Maslow-Fulfilled Last Update
A final report on my progress
Hey guys! I can’t believe that my endeavor to contribute to NesaByte’s Maslow-Fulfilled is coming to an end. I am proud to say that I overcame my earlier challenges to deliver a feature to allow NesaByte’s app to read from a local JSON file and populate the calendar and homepage progress bars. I am quite happy with the results, they both work as I intended. I believe that I can truly say that I have achieved my goals of contributing an appreciated, bug-free feature and I want to thank NesaByte herself for helping me work on her project whenever I got stuck.
The Nitty and the Gritty
I’ll quickly go over each pull request and discuss the technicalities behind each feature. For the calendar markers, I first created some mock data (hard coded dates to test with) and then created a map (used to map data) to essentially build a list of events- which can be now be seen on the calendar.
As for the progress bar, Flutter uses Material UI (which provides a host of widgets to import and use). I changed what NesaByte currently had, which was just a simple CircularPercentIndicator object and switched it to multiple LinearPercentIndicators, all stacked on top of each other in a pyramid style (see example) to better fit the theme of her app.
Essentially, I created padding objects with the LinearPercentIndicators as it’s child to display the progress bar. The padding allows for space between each progress bar. In the above example, you can see the attributes that one can modify to change the look and behavior of each progress bar.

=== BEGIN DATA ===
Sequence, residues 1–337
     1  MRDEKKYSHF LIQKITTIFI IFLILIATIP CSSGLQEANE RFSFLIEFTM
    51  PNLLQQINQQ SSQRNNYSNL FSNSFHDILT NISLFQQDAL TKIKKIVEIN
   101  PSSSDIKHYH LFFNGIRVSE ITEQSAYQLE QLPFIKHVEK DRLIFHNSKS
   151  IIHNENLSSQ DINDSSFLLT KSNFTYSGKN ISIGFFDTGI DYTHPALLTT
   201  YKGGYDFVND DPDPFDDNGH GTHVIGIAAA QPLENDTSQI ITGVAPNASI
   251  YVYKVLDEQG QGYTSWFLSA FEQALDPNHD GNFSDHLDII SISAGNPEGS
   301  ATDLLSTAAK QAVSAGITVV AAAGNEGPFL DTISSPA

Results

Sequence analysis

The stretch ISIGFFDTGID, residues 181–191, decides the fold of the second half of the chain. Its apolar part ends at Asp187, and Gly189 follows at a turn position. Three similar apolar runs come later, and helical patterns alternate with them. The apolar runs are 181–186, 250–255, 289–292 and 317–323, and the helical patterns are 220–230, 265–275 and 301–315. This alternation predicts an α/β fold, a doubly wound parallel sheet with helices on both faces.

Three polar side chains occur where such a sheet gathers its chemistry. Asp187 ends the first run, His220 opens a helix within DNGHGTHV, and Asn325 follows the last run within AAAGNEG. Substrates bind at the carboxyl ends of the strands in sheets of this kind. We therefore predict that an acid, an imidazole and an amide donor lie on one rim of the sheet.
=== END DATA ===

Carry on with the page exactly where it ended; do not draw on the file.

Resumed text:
Moving on, I added code to be able to read from a JSON file (see image to the left). This allows me to read and then build/extract data to be used in the progress bars. Additionally, I created a JSON file in the projects asset folder to hold mock data that I used to test to see if it worked. Before, each progress bar had a hard coded value for it’s percentage, but now I can read from an array built from the JSON file.
What did I learn?
I learned a little bit more of what Flutter can offer regarding it’s widgets and functionality. By experimenting with different ways to display data (changing from the circular to linear indicator), I can now build apps with varying UI’s that can also read from the phones local files. I also learned a little bit more about good communication; being able to befriend and message NesaByte allowed me to complete features to her liking. Furthermore, whenever I got stuck on parts of the app that I didn’t understand, she was able to quickly hop on and walk me through her code. I think after all of this, I have realized that there is no shame in getting help from others- and if you can you should always reach out when stuck.